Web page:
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GM Rear Drum to Disc Brake Swap

Stock Rear Brakes Giving You Fits? Stock rear brakes giving you fits? We show you how to get big brakes for 10- and 12- bolt axles.

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When swapping brakes, the after-market really does come to the rescue. The brake companies have done the legwork, and they know what parts work best with each other and what will fit your car. We talked to the guys at Baer Brakes, Stainless Steel Brake Co. (SSBC), and KORE3 to get their advice.

They were all in agreement. You can see substantial gains in braking performance when switching to a four-wheel disc system. But there are a few key things to pay attention to. First, everyone stressed how important it is to design the rear system based on what brakes are on the front wheels.

"It's got to match the front system," says Bill Cummings of SSBC. Baer's Ben O'Connor agrees, "it's better to have too small a caliper on the rear than too big. With bigger calipers, you get too much clamping force, too much pedal travel, and the system is very hard to adjust." Because braking physics shift most of the car's weight to the front wheels, the rear brakes don't need to do as much work as the front brakes do. if you have too much clamping force on the rear brakes, the rear wheels will lock and the car can easily start to rotate. in other words, the rear caliper piston(s) must be smaller than the front or you'll be doing 180s every time you touch the brake pedal.

All three companies we spoke to offer basic rear disc brake kits that work in conjunction with stock or modified front systems. O'Connor says Baer's rear kits are modestly sized so as not to overwhelm a stock front system, but they can be easily upgraded if the owner decides to go big on the front brakes. SSBC and kORe3 have similar systems, and some can fit inside your stock wheels.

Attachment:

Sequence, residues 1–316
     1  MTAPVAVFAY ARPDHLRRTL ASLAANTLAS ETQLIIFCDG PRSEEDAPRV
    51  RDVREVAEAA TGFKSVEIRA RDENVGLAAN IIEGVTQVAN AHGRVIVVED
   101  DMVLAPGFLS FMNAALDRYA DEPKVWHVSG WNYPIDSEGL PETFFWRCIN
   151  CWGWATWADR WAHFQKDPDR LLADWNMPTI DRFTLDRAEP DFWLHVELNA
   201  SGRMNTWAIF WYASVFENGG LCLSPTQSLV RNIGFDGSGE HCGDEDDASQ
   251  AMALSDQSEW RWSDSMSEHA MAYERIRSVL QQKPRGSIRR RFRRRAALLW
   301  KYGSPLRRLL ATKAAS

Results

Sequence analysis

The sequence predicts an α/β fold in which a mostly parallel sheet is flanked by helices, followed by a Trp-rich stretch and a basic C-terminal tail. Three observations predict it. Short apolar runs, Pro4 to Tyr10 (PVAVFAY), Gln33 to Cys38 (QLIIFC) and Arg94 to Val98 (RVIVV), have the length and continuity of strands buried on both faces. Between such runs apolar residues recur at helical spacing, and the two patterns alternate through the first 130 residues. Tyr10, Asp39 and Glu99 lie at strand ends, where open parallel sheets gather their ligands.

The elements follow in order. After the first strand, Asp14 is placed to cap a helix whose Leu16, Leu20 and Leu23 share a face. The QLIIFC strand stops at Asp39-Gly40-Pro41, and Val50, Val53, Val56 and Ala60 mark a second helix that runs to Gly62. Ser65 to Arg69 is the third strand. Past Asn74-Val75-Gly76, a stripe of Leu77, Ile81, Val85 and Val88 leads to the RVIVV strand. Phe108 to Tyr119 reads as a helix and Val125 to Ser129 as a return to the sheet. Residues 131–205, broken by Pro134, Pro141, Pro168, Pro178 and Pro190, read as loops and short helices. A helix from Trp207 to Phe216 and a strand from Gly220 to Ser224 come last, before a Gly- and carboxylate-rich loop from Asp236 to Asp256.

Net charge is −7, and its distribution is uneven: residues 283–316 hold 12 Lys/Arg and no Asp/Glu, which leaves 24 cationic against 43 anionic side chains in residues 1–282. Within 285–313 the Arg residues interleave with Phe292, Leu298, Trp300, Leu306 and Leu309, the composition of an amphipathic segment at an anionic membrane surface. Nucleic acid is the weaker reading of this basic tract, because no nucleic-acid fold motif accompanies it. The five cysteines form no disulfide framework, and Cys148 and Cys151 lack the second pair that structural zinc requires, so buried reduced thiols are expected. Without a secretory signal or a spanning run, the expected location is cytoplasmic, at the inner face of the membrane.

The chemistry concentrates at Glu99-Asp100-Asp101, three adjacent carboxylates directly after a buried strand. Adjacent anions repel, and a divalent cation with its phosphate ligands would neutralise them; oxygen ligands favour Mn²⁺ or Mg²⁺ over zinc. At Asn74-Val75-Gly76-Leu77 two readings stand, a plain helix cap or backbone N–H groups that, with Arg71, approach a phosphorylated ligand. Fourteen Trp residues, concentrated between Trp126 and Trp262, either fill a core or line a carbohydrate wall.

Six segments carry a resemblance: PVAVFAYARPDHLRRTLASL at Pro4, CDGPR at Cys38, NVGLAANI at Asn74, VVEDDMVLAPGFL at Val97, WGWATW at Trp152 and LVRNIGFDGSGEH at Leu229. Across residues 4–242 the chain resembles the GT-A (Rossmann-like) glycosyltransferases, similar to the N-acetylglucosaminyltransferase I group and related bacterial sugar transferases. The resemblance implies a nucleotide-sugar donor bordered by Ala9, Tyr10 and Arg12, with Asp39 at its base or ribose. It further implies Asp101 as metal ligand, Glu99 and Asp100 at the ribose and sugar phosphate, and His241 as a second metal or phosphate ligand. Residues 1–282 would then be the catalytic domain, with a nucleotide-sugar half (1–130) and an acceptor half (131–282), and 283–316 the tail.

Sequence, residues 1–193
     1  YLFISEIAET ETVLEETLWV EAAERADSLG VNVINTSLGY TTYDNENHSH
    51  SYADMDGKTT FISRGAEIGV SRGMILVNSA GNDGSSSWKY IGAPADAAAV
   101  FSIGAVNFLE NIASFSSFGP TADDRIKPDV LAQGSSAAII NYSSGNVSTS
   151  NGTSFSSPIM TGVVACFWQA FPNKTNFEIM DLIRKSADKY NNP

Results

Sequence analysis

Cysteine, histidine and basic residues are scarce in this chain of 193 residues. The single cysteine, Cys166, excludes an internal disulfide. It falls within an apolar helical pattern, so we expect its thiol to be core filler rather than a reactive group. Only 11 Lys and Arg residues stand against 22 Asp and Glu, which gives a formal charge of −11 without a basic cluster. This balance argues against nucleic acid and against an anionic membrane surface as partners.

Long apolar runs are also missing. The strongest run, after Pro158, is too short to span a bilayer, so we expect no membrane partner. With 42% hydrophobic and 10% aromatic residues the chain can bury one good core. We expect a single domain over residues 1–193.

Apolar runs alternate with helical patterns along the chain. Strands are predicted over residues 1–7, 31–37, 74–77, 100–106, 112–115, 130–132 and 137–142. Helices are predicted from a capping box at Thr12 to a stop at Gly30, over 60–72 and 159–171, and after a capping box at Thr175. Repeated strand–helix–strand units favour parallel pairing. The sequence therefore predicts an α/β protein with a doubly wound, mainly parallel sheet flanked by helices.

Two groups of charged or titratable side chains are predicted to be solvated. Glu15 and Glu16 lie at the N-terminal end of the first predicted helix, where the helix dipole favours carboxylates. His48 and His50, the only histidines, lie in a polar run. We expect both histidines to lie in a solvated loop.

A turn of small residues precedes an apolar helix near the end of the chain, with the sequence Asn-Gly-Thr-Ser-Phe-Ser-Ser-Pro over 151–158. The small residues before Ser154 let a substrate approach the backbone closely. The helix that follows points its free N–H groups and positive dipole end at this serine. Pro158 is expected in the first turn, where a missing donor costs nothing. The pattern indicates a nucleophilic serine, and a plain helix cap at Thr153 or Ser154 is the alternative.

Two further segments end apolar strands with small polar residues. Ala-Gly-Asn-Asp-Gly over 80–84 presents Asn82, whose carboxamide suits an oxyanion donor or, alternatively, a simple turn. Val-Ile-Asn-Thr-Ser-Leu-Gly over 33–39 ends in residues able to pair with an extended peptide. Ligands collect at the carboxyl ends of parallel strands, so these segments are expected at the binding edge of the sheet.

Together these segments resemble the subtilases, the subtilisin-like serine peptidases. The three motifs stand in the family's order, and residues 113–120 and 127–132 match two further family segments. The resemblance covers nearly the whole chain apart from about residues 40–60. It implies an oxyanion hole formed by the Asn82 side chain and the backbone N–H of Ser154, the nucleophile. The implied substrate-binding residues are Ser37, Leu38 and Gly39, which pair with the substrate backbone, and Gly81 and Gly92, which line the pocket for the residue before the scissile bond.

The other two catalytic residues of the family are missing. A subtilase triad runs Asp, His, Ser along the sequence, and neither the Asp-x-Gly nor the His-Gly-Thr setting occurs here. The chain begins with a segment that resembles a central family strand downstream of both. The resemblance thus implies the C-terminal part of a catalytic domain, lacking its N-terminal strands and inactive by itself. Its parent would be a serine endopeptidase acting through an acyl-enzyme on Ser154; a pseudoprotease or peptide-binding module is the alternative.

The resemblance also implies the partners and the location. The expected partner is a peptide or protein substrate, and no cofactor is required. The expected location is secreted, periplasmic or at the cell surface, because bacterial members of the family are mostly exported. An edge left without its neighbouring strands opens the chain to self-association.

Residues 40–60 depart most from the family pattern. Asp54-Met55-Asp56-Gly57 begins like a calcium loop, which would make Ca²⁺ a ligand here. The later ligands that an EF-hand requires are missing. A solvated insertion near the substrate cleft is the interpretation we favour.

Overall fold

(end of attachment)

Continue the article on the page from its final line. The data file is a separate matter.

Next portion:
The components used are a second concern. SSBC's kits utilize a caliper similar to what GM offered on the Cadillac Seville and Firebird WS6. These calipers feature an integral, mechanical parking brake mechanism. engaging the parking brake pulls a lever on the back of the caliper that pushes on the caliper piston, clamping the pads to the rotor. Baer's kit uses components similar to C4 Corvettes and '92-'97 F-cars. They consist of PBR calipers with an improved manual parking brake design that engages a pair of pins, which push in the inboard pad, clamping the rotor. kORe3's systems offer a setup using C5 and C6 Corvette PBR calipers and a drum-inhat-style parking brake. The parking brake is actually a separate drum brake inside the hub of the rotor. kORe3's Tobin knighton prefers this system, saying the drum-in-hat system is less complicated and easier to maintain. The guys at Baer and SSBC acknowledge that the mechanical caliper parking brake arrangement is more complicated, but the system is less expensive to engineer because the parts have been around since the late '70s. Originally, the factory system experienced failure due to corrosion and lack of maintenance. The calipers would come out of adjustment or seize up, rendering them ineffective. Baer and SSBC have had lots of time to work most of the bugs out of the mechanism though, and they say their caliper designs are superior to the original GM pieces. Both Baer and SSBC offer higher-end kits that come with drumin- hat-style parking brakes, too.

Which system is best for you?
Obviously that depends on your budget and driving style. We can say with confidence that they all make a good product. Below are kORe3's, Baer's, and SSBC's best-selling kits. Note that these are not their least expensive kits. Go to each company's Web site for options and specific pricing information.

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